An artwork when seen in close-up but resistant in long-shot
* Guerrilla art
The journals below include:
In other words, it is an exercise in which everything in the room is turned upside down to bring new ideas and inspiration to students. Novelty initiatives like this often break down prejudice, spark innovation, and help realize constructive interests and values for everyone. “(“We turned your world upside down, contemporary Art Practice in the High school classroom and spaces beyond, by Jack Watson.”)
In this sense, the role of a social movement in artistic activities can be defined as follows.
“The continuity of social movements in the arts and their ability to adapt to the ever-changing boundaries of public space has led educators and theorists in art education to promote the potential for social and critical engagement in public space art-making (Darts, 2004 ; Lacy, 1995; Pinder). , 2005; Richardson, 2010; Thompson, 2004).”
Guerrilla art is meaningful in that art is not just beauty, self-expression, or community activity, but contributes to changing the world by inciting social and political movements through it. I remembered that Picasso boldly painted historical and political paintings like Gueronica and said that a painting is a political document.
For generations, traditional arts education has, for a variety of reasons, favored a formalist approach that promotes media manipulation and craftsmanship while ignoring content and practices relevant to students' lives (Gude, 2000). Therefore, it has nothing to do with the lives of the masses and has turned its back on numerous conflicts and problems in reality, focusing only on the technical and aesthetic aspects, so art has gradually lost its power and has become distant from reality. With this in mind, Guerrilla Art, as the journal notes, enables students to develop higher-level critical thinking skills that go beyond traditional art projects and typical academic experiences through discussion, brainstorming, strategizing action, and ultimately creating meaningful projects.
In this understanding, I was able to discover the role, effect and importance of guerrilla art. So I came up with guerrilla art for children in Myanmar. It is a class titled ‘An artwork when seen in close-up but resistant in long-shot’.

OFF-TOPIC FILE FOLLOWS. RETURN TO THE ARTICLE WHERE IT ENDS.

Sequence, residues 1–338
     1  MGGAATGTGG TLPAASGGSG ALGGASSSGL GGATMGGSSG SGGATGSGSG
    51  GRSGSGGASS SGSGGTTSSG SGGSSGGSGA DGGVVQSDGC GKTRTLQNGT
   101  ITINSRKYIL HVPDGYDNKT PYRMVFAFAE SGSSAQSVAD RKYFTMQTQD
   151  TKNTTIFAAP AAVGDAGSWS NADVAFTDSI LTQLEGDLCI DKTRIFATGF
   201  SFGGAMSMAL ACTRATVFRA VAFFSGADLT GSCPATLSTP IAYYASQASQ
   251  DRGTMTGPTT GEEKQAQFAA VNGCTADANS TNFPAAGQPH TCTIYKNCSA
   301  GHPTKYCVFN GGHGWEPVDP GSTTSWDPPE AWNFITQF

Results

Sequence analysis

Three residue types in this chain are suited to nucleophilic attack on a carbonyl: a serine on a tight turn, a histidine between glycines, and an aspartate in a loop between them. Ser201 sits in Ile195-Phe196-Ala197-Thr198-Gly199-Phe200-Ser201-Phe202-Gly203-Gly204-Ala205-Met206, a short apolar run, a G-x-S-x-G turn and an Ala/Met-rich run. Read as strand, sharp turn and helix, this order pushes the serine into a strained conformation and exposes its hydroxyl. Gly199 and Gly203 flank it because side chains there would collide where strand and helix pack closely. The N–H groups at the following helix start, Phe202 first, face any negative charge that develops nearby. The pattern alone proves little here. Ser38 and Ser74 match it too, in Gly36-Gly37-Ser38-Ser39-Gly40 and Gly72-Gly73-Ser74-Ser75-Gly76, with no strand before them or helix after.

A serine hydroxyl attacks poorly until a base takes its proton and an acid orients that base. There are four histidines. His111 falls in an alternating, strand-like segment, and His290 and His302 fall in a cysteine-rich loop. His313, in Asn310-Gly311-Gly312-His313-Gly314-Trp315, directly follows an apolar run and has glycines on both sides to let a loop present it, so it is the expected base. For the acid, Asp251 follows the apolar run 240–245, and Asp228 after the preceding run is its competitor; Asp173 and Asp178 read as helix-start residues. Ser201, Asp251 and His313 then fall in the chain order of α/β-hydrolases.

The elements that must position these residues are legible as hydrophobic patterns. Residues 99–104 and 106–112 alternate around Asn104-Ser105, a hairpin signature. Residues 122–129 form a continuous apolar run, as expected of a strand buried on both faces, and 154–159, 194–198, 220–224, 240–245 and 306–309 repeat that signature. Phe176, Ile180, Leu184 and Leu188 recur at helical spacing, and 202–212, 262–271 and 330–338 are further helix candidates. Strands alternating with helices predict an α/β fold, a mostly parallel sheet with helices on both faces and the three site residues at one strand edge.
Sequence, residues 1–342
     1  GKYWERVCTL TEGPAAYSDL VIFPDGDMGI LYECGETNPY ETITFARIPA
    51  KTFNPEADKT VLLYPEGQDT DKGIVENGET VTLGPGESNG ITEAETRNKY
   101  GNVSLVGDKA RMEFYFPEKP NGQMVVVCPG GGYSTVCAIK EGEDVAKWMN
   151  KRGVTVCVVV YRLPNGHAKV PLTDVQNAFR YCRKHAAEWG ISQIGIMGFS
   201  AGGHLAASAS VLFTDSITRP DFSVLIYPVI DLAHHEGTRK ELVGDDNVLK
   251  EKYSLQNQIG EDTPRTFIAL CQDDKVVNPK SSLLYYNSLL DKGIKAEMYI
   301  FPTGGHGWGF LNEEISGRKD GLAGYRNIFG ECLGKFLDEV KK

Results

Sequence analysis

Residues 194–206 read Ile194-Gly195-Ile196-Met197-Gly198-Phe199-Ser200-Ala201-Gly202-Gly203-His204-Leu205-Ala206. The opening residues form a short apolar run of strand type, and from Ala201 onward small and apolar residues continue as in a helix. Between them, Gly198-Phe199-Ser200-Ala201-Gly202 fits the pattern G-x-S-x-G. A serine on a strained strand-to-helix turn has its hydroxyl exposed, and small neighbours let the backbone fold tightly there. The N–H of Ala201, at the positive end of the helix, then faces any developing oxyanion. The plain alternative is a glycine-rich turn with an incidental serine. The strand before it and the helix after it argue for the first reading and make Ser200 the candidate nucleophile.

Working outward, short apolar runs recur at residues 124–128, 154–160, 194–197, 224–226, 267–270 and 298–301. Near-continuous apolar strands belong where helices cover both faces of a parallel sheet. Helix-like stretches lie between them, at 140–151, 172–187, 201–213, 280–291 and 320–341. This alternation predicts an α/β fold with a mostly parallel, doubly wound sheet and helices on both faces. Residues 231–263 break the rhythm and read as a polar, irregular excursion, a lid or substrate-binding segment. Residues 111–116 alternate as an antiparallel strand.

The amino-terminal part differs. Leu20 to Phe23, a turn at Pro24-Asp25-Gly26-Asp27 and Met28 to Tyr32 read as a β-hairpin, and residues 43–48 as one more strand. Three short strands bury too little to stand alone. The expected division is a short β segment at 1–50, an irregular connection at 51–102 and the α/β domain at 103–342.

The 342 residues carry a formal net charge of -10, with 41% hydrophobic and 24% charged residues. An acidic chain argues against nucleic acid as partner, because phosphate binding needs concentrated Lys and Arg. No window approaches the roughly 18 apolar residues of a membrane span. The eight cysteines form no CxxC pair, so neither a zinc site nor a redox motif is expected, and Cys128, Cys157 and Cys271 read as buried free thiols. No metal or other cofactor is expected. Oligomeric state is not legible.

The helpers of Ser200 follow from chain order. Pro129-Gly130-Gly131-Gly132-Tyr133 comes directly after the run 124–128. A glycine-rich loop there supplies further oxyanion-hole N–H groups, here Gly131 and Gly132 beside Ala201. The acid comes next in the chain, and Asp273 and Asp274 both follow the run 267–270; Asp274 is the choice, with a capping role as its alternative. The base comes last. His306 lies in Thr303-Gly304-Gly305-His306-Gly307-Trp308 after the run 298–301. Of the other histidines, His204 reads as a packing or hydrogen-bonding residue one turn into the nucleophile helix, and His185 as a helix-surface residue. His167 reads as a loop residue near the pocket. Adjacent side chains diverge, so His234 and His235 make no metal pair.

This idea was suggested earlier by one of my students, Joyce, and we put it into practice together in class.
One person first sketches on a piece of paper. After that, divide the paper into 3 equal parts at regular intervals. It is then distributed to each student. Color in the sketch in your own style and imagination without time limits. You cannot see each other's progress and must not discuss while drawing. Then, when the coloring is complete, put the pictures together like a puzzle. Below is a picture drawn in different styles, but it turned out to be a beautiful picture.
Below is a picture of a different season, coincidentally matched. This painting was drawn by Olivia, Joyce and me.
First, divide the paper into regular intervals as shown below. As these papers get bigger, there will be more and more papers that can be distributed to children.
And then, as shown below, draw a three-finger signal that means Myanmar's democratization movement and resistance.
This finger signal is the act of raising the three fingers of the right hand, the index, middle, and ring fingers, and raising them above the head. This gesture appears in the movie 'The Hunger Games: Panem's Flame' (2012). In this film, the citizens of the dictatorship country 'Panem' spread three fingers as a sign of resistance to power. It is a personnel law against totalitarianism. People see these three fingers as meaning freedom, election, democracy, or the French Revolution's freedom, equality, and fraternity.
However, I am also from Korea and went through the military dictatorship, so I know very well that children can be in danger if they do this officially. So, I thought of a way in which the dictatorial powers could not be aware of it, but these pictures could be gathered and become a symbol of resistance that could show a big sign like SOS sign on the isolated beach.
In order to do that, we first need to disassemble the picture of this finger symbol along the corresponding lines. It's like spy codes.
Then distribute them to each child activist and have them paint a picture in their color. The process of painting cannot be seen or discussed with each other.
Then, when they are all drawn, put them back together like a puzzle in their original state as shown below. The more activists and the smaller the picture is divided, the greater the excitement and pleasure of guessing.
In the end, people will see the picture as a political document in which countless hopes and resistances of each person come together to create a huge symbol. This is the guerrilla art I devised for Myanmar children. Through this class, we hope that students will rise to the challenge and know that their courage has been rewarded.
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Myungja Anna Koh